When it was first published in the mid-19th century, Uncle Tom’s Cabin was an instant success, gaining worldwide acclaim for its groundbreaking stance on slavery and becoming the best-selling novel of the century.
Even now, 165 years later, it retains popularity and acknowledgment among critics and readers alike. But when placed in a more modern context, Harriet Beecher Stowe’s novel has created a controversy in regards to its placement in the classroom setting.
Uncle Tom’s Cabin is a requirement in many middle school and high school curriculums. Some who support the novel’s inclusion in the classroom emphasize its historical significance. They argue that the ideas themselves and their monumental impact on society are crucial to understanding antebellum American society and the build-up prior to the Civil War. Other supporters mirror arguments found in Jane Tompkins’ Sentimental Power: Uncle Tom’s Cabin and the Politics of Literary History—that Stowe’s use of sentimentality heightens the book and gives it power. They claim the popularity it achieved is a direct correlation to its merit and that each character and event in the book serve to further her message.
Conversely, James Baldwin’s Everybody’s Protest Novel highlights the over-sentimentality and religious aspects of the book and criticizes both how the book is written and how the characters are presented.
While Uncle Tom’s Cabin may have been relevant at the time it was written, its ethics no longer pertain to students living in the 21st century.
Stowe’s erroneous underlying suggestions about the nature of people and race and the novel’s overwhelming religious ideology make it a novel that should be excluded from the classroom.
Uncle Tom’s Cabin was an attempt to excite the population of the North into abolishing slavery. Stowe undertook the view of black slaves in an effort to make her readers understand and sympathize with them. She attempted to teach her readers about slavery in the 1800s but instead distorted and cemented condescending and racist stereotypes. By white-washing her characters, Stowe preaches to her audience that black slaves could only become free through mirroring the “pure” aspects of white culture.
Two of her main characters, pious George and Eliza, copy stereotypical white characteristics. Although they are slaves, they appear “white” to others. Meanwhile, Uncle Tom, the titular character, is only considered good through the purification of Christianity. The novel also sustains stereotypes of the “happy darky” archetype and oversimplifies all her characters into one trait.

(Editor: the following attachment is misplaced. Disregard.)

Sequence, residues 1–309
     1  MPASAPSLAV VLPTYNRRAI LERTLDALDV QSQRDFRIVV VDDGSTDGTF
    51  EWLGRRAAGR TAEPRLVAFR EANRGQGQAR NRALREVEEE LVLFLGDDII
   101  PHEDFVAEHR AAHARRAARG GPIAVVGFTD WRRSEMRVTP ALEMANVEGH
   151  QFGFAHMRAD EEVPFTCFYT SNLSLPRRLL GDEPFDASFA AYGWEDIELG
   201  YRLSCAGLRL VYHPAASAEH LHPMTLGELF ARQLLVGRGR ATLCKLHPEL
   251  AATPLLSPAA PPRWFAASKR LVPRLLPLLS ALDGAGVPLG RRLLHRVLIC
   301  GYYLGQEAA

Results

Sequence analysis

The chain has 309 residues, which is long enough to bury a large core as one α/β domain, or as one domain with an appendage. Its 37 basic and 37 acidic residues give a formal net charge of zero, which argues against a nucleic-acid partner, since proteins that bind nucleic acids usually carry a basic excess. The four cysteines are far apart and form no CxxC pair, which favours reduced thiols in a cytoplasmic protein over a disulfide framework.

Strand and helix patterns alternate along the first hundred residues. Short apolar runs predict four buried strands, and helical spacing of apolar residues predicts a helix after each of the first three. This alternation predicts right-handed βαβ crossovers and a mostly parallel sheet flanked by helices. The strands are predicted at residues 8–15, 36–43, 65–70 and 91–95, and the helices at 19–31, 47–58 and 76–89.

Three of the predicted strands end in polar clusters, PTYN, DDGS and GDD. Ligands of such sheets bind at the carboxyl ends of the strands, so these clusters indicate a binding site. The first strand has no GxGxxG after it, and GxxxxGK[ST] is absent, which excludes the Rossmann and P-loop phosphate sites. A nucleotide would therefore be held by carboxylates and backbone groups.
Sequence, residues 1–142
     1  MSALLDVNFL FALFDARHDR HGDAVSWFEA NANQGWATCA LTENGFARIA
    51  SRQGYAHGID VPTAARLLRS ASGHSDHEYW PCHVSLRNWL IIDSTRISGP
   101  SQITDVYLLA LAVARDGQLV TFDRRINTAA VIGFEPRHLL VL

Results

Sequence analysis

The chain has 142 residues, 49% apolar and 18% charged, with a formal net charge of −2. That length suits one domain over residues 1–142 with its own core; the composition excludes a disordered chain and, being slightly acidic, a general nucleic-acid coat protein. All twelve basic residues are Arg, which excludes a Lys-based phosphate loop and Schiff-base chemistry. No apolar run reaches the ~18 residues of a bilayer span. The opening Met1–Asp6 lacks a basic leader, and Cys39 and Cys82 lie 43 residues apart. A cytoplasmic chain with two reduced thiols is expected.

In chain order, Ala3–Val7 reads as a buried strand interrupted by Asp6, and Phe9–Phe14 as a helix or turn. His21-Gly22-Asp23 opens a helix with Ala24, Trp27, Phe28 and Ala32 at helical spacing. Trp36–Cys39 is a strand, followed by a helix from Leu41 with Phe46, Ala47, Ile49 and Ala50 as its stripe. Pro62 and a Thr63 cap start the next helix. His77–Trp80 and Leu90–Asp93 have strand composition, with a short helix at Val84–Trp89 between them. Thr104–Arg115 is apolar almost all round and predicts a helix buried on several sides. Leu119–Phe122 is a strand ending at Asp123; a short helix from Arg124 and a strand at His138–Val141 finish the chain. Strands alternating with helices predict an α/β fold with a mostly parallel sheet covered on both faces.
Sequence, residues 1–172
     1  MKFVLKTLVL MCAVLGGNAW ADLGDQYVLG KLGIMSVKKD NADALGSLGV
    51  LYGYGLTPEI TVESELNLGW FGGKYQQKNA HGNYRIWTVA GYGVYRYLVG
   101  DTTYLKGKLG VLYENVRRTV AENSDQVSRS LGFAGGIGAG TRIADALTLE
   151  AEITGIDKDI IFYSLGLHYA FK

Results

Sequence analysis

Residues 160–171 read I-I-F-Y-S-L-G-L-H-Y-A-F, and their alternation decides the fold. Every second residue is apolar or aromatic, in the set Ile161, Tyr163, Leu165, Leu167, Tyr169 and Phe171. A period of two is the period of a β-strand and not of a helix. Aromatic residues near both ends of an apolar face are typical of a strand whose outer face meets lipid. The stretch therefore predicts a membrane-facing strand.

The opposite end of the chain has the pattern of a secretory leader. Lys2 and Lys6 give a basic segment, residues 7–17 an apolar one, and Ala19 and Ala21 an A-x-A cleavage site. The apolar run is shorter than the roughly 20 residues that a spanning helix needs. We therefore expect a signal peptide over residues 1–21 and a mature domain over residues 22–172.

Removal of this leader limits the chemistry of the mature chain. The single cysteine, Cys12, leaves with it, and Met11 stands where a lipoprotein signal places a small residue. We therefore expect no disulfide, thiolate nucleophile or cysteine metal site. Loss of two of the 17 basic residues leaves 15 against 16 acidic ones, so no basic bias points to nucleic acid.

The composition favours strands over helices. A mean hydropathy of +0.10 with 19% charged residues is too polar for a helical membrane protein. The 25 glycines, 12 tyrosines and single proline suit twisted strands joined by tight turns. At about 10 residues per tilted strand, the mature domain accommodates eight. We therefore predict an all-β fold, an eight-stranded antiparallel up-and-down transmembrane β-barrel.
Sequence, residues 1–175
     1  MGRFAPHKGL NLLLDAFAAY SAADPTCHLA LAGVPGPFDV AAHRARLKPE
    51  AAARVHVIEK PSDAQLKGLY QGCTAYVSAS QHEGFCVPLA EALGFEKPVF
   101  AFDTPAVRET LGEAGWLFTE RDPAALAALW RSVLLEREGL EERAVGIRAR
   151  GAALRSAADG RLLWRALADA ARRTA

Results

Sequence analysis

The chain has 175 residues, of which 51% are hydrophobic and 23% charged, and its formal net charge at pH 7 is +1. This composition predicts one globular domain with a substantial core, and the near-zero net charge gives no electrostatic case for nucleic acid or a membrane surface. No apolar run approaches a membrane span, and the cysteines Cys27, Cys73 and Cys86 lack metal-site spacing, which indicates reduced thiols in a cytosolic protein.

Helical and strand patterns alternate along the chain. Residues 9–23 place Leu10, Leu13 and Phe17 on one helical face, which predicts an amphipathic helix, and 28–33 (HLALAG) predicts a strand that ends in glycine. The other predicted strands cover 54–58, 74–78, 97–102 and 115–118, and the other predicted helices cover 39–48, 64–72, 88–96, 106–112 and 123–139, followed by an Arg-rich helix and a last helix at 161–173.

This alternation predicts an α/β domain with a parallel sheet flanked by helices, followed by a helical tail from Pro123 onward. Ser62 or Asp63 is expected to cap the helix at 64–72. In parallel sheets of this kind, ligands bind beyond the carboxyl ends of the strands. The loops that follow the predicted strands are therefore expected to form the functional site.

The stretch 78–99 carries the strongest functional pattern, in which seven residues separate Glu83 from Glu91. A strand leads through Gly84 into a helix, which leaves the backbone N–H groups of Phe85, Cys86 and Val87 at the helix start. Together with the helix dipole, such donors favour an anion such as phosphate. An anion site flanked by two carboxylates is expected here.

All of Stowe’s characters can be defined either righteous or evil. Tom, for example, has not one evil drop of blood in his God-loving, faithful body. His love, mercy, and compassion allow him to be a martyr; his sacrifices are for the good of others and he toils without complaint. Tom is a Jesus figure who tells the truth even at the expense of his life and forgives his plantation owner, Simon Legree, even after he is brutally whipped to death. His incredible capacity for love contrasts sharply with the aforementioned Legree, who feels no remorse. Legree’s only regret about working a slave to death is that he’ll have to buy another. Legree has no morals and no ethics; he is self-serving and brutal.
Stowe’s strict characterization suggests a black and white society in which anything short of perfection and Christian virtue is automatically considered evil. Tom and Legree are just two examples of Stowe’s limited use of characterization. From the selfish Marie to the kind St. Clare, from the wicked Topsy to the beautiful and sweet Eva, from the evil Tom Loker to the quiet Quakers, from blustering Hailey to loving Mrs. Shelby. Each character seems to fit perfectly into a single category and all lack any semblance of depth or substance. Stowe’s characters are unequivocally two-dimensional. Her oversimplification of characters represents a fallacy in her representation of a “realistic slavery setting” and demonstrates her shortcomings as a writer.
Stowe’s novel teaches that morality equates Christianity. From the loving, angelic, oh-so-sweet Eva (whose very dying breath reaffirms her love of the Savior), to the simple-minded Tom (whose boundless faith in God results in the salvation of Sambo and Quimbo), and to the escape of Cassy and Emmeline and freedom of everyone back home in Kentucky, everyone “moral” in the novel is Christian.
The entire focus of the book was to bring attention to the horrors of slavery during the 1800s, which it accomplished at the time. However, Uncle Tom’s Cabin does not address contemporary issues. While the impacts of slavery manifest in today’s society through strained racial relations, police brutality, and prejudice, the novel’s message does not expand our understanding of racism today. In fact, Stowe’s racist portrayals exacerbate negative stereotypes. The novel is not timeless; its ideas are not empowering in a way that Their Eyes Were Watching God by Zora Neale Hurston is.
I recognize the immense impact of Uncle Tom’s Cabin at the time it was written and I will concede that it is an integral part of American history. However, while it is necessary to teach about the novel and its repercussions, the novel itself should not be required reading in a public school curriculum.